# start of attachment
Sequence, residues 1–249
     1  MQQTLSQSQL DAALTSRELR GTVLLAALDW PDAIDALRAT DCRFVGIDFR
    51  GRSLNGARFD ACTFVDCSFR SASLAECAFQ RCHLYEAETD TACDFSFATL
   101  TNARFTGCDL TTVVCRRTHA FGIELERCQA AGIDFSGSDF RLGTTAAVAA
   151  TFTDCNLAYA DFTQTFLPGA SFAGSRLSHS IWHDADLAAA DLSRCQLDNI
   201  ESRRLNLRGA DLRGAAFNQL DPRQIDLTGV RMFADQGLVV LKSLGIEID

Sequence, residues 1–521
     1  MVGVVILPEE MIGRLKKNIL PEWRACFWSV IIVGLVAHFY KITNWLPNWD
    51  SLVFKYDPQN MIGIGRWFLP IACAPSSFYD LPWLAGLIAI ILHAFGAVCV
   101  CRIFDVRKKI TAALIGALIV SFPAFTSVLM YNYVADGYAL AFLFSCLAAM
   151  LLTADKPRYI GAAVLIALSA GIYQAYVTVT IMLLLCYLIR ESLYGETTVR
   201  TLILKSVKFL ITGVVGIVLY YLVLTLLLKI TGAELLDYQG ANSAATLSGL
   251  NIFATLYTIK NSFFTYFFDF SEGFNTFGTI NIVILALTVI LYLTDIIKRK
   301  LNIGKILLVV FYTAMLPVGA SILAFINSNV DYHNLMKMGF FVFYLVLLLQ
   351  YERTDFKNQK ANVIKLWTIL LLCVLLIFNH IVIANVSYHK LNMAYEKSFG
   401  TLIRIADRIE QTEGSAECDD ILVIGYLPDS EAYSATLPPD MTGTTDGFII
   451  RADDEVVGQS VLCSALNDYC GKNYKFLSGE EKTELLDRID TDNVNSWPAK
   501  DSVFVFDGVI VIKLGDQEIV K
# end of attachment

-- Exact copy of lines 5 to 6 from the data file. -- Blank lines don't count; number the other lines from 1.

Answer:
   151  TFTDCNLAYA DFTQTFLPGA SFAGSRLSHS IWHDADLAAA DLSRCQLDNI
   201  ESRRLNLRGA DLRGAAFNQL DPRQIDLTGV RMFADQGLVV LKSLGIEID